Algiers Discusses 'There Is No Year' : World Cafe The rock band Algiers has a reputation for being a firebrand. But that wasn't the case on There Is No Year.

Why Algiers Went Personal Instead Of Political In 2020

Algiers on World Cafe

  • <iframe src="" width="100%" height="290" frameborder="0" scrolling="no" title="NPR embedded audio player">

Algiers Christian Högstedt/Courtesy of the artist hide caption

toggle caption
Christian Högstedt/Courtesy of the artist


Christian Högstedt/Courtesy of the artist

Set List

  • "Hour of the Furnaces"
  • "Dispossession"
  • "Animals"

Many bands have struggled making sense of life amid COVID-19, but for Algiers, social distancing between bandmates is something they've been dealing with for years. Algiers was founded originally in Atlanta in the late aughts, but since then its members have lived in different cities, states, and even continents.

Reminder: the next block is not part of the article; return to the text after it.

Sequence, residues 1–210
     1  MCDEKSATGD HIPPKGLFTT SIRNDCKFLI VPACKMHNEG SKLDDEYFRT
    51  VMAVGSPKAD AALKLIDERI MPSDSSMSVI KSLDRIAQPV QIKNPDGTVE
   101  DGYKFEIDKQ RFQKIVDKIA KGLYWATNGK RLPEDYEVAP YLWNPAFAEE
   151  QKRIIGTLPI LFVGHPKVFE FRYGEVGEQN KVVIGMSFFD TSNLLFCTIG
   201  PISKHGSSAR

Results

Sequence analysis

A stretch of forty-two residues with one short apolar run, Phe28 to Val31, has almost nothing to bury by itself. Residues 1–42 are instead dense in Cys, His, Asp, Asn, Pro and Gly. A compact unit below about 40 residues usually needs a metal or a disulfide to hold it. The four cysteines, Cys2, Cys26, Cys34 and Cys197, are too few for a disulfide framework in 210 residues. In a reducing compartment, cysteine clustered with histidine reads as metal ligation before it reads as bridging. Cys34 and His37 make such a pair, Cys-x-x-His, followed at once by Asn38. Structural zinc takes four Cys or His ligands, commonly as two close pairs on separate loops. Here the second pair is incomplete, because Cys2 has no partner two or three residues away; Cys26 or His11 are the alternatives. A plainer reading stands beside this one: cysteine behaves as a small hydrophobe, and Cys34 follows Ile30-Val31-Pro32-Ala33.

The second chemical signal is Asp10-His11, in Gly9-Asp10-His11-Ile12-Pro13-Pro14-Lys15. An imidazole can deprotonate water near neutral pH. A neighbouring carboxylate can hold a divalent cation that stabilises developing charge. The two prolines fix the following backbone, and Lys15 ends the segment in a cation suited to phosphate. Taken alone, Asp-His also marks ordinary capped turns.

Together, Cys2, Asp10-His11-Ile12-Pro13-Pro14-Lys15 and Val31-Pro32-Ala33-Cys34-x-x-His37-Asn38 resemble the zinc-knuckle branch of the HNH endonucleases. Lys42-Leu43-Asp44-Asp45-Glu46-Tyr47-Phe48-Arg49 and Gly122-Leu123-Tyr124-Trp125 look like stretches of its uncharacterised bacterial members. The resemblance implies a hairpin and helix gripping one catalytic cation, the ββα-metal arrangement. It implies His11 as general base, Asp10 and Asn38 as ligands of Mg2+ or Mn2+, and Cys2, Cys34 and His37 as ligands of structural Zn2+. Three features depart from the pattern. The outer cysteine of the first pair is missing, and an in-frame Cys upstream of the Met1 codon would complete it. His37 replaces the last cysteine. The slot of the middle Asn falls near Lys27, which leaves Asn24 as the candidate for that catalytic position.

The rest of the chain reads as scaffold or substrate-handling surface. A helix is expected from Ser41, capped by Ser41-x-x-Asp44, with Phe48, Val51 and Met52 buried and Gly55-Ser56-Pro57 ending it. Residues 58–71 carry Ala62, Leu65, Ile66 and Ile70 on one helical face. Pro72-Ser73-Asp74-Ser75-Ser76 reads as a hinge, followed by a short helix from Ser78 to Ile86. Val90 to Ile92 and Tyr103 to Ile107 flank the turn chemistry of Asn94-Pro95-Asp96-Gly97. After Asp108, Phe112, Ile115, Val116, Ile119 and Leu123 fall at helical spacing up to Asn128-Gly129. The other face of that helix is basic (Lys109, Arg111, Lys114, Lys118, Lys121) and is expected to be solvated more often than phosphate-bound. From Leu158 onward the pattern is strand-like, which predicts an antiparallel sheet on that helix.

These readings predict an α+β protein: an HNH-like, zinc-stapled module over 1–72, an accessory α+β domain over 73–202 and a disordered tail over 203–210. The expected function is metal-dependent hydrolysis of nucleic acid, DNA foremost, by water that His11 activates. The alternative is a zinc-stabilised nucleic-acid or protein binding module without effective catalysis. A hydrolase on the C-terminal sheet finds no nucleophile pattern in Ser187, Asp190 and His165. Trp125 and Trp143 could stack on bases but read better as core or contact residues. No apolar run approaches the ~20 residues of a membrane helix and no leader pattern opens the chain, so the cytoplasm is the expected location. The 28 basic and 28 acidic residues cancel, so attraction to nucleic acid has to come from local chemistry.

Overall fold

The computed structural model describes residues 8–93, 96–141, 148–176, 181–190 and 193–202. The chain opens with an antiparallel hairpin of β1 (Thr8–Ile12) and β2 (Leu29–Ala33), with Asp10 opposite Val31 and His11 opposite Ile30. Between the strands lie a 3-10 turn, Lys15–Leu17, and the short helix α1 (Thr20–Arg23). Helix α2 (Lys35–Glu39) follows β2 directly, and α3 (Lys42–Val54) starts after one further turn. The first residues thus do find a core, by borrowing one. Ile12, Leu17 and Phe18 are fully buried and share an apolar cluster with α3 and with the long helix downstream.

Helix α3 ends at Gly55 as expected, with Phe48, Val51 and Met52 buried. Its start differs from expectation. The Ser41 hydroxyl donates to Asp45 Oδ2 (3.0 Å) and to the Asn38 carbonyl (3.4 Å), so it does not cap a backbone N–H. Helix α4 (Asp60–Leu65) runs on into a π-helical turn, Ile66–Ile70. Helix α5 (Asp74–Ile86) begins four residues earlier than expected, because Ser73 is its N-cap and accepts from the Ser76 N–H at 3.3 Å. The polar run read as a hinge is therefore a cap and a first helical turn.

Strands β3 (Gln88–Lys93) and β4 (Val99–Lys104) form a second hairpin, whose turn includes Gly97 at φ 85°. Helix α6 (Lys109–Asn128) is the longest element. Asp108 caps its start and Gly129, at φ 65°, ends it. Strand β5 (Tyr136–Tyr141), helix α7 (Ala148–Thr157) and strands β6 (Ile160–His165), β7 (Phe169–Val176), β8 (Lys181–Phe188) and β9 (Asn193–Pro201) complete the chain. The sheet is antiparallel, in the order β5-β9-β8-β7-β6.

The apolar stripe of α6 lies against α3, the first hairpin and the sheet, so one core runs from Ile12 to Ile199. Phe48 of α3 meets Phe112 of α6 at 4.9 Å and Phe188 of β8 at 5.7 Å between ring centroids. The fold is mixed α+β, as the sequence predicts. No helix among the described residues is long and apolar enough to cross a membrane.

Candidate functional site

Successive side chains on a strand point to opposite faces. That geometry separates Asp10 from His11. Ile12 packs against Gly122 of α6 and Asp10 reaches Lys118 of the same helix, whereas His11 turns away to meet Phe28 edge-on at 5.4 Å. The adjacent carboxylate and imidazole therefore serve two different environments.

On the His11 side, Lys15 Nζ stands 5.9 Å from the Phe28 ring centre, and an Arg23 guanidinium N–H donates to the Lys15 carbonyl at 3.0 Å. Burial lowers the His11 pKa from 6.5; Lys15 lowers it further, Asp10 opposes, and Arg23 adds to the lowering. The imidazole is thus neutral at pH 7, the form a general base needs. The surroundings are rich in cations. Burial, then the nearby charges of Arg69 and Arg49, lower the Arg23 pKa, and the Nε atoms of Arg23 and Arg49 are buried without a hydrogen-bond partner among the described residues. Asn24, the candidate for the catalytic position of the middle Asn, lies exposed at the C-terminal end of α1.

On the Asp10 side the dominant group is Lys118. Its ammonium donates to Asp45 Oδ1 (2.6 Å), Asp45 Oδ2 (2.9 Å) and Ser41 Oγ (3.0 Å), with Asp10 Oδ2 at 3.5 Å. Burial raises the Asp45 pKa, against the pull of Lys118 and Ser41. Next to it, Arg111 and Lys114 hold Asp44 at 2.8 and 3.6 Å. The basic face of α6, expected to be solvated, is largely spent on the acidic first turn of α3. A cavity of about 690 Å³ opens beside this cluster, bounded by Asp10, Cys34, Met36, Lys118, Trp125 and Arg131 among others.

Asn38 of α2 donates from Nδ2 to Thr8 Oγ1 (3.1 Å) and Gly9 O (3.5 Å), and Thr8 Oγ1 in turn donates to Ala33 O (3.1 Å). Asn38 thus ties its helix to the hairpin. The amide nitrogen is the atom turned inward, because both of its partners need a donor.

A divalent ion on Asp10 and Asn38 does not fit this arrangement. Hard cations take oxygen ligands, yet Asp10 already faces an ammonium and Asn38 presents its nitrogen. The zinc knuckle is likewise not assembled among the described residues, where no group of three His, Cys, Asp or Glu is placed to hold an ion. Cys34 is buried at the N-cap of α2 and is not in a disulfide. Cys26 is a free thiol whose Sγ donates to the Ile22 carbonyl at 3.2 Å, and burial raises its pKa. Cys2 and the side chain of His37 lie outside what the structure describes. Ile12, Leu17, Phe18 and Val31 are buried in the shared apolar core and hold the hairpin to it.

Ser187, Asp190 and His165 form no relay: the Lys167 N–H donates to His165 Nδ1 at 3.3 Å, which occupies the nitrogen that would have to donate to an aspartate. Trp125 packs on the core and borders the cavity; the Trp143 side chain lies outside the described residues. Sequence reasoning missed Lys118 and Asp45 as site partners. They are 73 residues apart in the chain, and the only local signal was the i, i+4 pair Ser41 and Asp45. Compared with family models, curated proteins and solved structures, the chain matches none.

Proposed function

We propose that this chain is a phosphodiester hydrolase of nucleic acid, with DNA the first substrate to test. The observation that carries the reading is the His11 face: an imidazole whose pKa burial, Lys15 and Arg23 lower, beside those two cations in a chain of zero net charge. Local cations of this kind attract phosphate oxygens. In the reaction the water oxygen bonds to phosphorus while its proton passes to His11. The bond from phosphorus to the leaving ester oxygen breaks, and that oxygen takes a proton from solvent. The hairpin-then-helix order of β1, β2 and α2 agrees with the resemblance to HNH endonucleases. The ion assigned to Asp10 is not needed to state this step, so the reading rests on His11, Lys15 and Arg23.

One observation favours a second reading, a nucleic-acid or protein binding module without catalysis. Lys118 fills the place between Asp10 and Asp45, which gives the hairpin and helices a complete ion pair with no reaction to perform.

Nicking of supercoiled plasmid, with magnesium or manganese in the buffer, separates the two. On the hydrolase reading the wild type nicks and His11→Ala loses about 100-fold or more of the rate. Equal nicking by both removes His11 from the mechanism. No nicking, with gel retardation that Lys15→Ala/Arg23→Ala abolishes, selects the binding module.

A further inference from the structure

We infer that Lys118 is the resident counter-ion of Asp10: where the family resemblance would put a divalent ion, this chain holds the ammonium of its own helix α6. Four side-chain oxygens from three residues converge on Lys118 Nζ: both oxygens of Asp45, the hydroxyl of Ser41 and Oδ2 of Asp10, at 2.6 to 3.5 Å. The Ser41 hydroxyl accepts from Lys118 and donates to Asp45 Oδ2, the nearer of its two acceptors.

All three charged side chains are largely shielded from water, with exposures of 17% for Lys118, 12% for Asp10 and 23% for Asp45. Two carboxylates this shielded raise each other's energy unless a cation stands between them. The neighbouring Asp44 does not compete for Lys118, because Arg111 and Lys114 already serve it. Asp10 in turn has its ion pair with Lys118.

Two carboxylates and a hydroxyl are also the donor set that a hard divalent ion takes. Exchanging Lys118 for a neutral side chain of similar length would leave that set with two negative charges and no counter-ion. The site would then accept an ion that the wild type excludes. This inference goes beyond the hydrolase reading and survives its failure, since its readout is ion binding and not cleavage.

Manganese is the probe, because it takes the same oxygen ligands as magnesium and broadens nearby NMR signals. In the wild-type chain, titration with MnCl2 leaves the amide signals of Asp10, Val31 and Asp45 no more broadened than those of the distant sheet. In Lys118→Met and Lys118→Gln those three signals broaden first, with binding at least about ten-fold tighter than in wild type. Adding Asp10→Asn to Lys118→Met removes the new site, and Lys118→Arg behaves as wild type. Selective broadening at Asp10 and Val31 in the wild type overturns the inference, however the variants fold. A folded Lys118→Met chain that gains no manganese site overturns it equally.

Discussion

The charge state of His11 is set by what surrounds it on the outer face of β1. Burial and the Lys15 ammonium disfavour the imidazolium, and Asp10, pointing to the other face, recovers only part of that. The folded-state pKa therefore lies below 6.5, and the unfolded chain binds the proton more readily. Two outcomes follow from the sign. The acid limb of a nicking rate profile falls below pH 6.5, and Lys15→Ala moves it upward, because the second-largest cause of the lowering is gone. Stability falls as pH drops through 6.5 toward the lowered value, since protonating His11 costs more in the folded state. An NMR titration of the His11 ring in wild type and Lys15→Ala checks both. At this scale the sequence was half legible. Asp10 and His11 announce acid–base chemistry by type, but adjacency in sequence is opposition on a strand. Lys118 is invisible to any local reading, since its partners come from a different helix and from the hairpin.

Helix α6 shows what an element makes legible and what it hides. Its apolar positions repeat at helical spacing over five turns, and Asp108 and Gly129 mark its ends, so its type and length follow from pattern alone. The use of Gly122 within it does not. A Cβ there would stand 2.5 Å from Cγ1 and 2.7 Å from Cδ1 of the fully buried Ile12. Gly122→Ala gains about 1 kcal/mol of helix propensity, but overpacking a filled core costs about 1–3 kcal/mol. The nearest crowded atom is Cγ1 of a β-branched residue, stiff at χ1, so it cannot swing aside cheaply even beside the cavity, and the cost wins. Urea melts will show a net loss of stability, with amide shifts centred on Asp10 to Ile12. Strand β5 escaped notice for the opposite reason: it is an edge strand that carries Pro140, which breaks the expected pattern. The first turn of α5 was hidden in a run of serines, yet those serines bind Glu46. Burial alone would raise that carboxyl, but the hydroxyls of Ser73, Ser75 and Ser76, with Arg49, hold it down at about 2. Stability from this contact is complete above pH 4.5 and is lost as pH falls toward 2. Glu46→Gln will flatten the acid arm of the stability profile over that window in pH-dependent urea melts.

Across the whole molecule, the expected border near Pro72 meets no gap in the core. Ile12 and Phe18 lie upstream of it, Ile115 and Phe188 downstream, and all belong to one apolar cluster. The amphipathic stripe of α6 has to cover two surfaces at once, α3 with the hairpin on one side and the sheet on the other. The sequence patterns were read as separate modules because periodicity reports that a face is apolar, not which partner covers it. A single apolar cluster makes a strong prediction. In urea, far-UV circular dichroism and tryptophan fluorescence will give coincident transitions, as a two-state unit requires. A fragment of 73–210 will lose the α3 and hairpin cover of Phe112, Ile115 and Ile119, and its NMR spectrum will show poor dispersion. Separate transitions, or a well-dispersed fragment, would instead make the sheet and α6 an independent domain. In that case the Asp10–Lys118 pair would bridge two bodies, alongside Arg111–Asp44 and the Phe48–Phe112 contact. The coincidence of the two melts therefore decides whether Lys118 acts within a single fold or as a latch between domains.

The four-piece band is known for its political messages and beliefs but lead singer Franklin James Fisher says Algiers' latest album, There Is No Year isn't a political allegory. Instead, it's a deeply personal record, inspired by a journal he'd been keeping, which he called "Misophonia," meaning a hatred of sound. We'll talk to Fisher and guitarist Lee Tesche about making the album, why it's OK to try out new material on the road, plus the band shared some incredible live performances.

Episode Playlist